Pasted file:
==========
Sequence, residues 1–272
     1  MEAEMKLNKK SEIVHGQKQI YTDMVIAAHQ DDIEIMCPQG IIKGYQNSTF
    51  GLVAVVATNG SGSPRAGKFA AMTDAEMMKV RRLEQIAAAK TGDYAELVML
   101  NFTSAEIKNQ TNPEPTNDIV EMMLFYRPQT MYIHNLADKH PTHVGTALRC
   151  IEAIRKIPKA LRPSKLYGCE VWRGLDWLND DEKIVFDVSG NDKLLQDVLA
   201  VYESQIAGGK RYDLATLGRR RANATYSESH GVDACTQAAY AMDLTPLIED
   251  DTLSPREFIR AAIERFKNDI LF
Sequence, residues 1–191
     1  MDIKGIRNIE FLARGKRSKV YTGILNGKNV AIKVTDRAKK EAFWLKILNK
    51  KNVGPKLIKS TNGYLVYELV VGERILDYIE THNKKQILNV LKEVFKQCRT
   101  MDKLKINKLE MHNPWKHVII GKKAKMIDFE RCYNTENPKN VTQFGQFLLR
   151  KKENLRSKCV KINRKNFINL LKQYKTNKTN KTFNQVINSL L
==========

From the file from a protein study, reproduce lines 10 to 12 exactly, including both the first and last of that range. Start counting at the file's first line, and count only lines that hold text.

    51  KNVGPKLIKS TNGYLVYELV VGERILDYIE THNKKQILNV LKEVFKQCRT
   101  MDKLKINKLE MHNPWKHVII GKKAKMIDFE RCYNTENPKN VTQFGQFLLR
   151  KKENLRSKCV KINRKNFINL LKQYKTNKTN KTFNQVINSL L